You invited the children to make nametags with your childhood art teacher. You gathered seven thousand and assembled them to read, love thy neighbor.
You responded to requests that had been conditioned out of us when we were younger than these children. Such as, let me wear more sequins, doilies––dolls, too! Such as, why can’t my Tuesday skin be a pelt of dyed furs? Such as, I want to put that gramophone on my head! And tomorrow, may I wear only living birds.
Let the wild things out, you implored, let’s have a rumpus! Then, you dressed your dancers with the care and intention of the samurai preparing for battle.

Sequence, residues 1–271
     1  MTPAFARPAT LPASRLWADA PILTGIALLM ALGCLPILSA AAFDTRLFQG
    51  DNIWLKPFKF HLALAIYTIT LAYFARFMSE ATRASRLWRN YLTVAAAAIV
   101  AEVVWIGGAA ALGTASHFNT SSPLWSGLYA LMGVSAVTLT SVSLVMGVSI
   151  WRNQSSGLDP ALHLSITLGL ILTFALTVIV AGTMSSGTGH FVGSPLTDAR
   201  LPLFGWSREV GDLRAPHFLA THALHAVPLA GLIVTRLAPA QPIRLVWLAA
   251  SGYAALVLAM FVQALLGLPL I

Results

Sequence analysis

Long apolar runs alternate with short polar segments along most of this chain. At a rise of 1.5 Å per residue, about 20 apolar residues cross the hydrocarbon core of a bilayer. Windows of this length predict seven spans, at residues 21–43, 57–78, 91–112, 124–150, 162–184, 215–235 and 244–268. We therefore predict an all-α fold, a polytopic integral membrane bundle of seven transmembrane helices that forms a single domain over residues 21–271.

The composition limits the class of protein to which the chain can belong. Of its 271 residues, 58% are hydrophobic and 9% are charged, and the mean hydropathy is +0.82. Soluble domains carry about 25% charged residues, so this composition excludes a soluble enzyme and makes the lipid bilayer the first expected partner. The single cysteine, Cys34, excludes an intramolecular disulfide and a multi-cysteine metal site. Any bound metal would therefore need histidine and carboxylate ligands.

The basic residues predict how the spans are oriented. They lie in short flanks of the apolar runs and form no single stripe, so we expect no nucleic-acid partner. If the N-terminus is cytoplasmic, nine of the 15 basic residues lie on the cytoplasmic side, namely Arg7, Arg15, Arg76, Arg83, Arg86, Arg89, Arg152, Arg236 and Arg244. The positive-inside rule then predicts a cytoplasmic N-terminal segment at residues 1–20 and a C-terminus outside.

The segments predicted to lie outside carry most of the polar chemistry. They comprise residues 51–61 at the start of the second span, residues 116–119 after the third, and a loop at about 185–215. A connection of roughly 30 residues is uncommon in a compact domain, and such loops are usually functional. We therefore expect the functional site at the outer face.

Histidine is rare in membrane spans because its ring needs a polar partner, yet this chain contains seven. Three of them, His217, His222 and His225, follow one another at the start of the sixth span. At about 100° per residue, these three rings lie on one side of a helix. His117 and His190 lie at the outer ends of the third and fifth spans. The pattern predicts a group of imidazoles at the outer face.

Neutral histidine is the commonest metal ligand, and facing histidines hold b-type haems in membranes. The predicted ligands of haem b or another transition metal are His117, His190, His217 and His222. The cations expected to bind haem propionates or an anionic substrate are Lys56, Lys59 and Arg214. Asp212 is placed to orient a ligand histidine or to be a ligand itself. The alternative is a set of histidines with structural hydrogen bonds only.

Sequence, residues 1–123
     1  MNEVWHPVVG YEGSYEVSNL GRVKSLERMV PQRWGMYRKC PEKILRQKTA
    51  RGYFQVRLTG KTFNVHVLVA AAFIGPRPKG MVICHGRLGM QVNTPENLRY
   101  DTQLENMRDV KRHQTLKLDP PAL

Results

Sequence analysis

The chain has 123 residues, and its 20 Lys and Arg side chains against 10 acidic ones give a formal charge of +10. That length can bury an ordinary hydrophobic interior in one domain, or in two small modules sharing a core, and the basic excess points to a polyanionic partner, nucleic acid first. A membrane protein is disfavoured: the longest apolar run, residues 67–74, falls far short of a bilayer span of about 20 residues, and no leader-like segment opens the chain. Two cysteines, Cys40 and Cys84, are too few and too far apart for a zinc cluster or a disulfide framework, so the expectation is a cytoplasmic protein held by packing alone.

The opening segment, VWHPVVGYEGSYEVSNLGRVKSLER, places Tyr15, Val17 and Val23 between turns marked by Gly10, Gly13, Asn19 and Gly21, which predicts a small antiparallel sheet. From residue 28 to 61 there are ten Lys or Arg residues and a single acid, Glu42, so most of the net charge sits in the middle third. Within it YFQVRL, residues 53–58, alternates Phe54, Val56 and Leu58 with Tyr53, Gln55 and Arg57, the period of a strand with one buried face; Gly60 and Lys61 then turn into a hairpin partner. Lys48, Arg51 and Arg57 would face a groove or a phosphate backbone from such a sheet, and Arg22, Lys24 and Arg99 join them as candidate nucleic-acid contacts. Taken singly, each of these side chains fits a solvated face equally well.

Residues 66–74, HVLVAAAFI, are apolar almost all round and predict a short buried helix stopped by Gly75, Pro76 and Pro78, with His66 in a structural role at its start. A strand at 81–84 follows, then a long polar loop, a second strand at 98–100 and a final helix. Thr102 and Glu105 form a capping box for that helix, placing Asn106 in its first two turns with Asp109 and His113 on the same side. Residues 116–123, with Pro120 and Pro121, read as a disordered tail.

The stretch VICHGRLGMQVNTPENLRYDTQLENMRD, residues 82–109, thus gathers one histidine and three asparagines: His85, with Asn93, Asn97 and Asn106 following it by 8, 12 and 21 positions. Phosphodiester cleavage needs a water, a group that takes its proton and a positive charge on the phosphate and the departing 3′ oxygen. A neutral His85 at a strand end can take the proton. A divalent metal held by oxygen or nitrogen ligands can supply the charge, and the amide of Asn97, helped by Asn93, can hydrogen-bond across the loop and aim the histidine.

When you called us together, I thought I loved my neighbor well enough, but my gestures were anemic. I only knew this when you dressed me in a costume of inflatable lawn ornaments, and my neighbor in a rainbow of Fraggle Rock fur, and invited us to dance.
You amplified the drums and brought others in, and we threw our arms wider in our spinning, to compensate for the weight and momentum of our fabulous suits.
Love louder, you sing, louder now––all in!